Rare Plant Program
Rare Bryophytes in California
James R. Shevock (from CNPS Inventory, 6th Edition, 2001)
Often overlooked by amateur and professional botanists alike, bryophytes (mosses, liverworts, and hornworts) are nonetheless highly important in the function of ecosystems and an important element in California's plant diversity. Before this edition, bryophytes had been excluded from the CNPS Inventory due to a lack of data necessary to determine which species are rare in California. The botanical history of bryophyte collecting in California spans nearly 150 years, but for the most part these efforts have not been systematic. It has taken additional fieldwork to obtain enough specimens to determine the likely distribution of species at the county and province level. For the first time, we have sufficient information to evaluate this plant group with regards to rarity and endangerment and the need for their conservation in California. This is due to the development of a bryoflora of California by Dr. Dan Norris, based on his extensive field collecting, along with contributions from other knowledgeable experts.
Bryophytes grow on a wide variety of substrates, including exposed soil, rocks, and trees, and some are even completely aquatic. Bryophytes generally have much wider geographic ranges than vascular plants. However, they are typically restricted to more specific microhabitats, causing them to often have widely disjunct distribution patterns, and are prone to localized extirpations. Like the flowering plants, some are common and widespread while others are quite rare. Examples of California endemic and rare mosses include Mielichhoferia tehamensis, Orthotrichum shevockii, O. spjutii, Schizymenium shevockii, and Triquetrella californica. Rare liverworts include Geothallus tuberosus and Sphaerocarpos drewei. Because the majority of the 580+ mosses and 120+ liverworts are not endemic to California, most of our rare bryophytes occur as representatives of List 2 taxa (rare, threatened, or endangered in California but more common elsewhere).
Vulnerability of bryophytes to environmental changes make them ideal candidates in both air and water pollution studies, as well as excellent indicators of climate change. Lacking roots and other complex water transport systems, bryophytes take in moisture directly through the surface of their cells, and can be highly susceptible to pollutants. Like the canary in the mine, bryophytes can alert us to changing conditions, sometimes at very local scales. Bryophytes also need to be able to adapt to California's many varied climates, from harsh desert environments to coastal rain forests. Many species have developed drought tolerance mechanisms and strategies, and some species are better adapted to prolonged desiccation than others, which leads to a better understanding of the distribution patterns observed in California bryophytes. So the annual amount of rainfall is not the key factor, by rather, the frequency of rain between periods of desiccation.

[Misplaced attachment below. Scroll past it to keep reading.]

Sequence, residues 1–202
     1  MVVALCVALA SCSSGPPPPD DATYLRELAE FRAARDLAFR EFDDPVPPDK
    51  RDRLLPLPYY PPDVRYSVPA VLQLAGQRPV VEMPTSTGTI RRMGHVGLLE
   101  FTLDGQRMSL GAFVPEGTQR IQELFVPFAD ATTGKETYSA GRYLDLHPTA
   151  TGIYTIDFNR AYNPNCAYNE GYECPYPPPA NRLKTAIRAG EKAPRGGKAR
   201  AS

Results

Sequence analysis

Lacking showy features like flowers, bryophytes are often perceived as difficult to identify. While some genera of mosses are taxonomically challenging, they are no more difficult to identify than some groups of flowering plants. With practice and knowledge of terminology for specific features used in identification, bryophytes can be identified by amateur botanists (see Fremontia 26(2):3-8, 1998). A very helpful feature of most bryophyte taxa is that they can be collected and studied in nearly any month of the year and be identified in their vegetative (gametophytic) state. In bryophytes, the reproductive structures (the sporophyte generation) are rarely required for species identification. However, most bryophytes require greater magnification than a hand lens for identification to the species level.
The conservation of California bryophytes is long overdue. With this edition, we are able for the first time to drop the 'Vascular' qualifier from the title and call it simply Inventory of Rare and Endangered Plants of California.
Bryophytes in the 6th edition
James R. Shevock is the Associate Regional Director, National Park Service, Pacific West Region, 600 Harrison St., Suite 600, San Francisco, CA 94107-1372.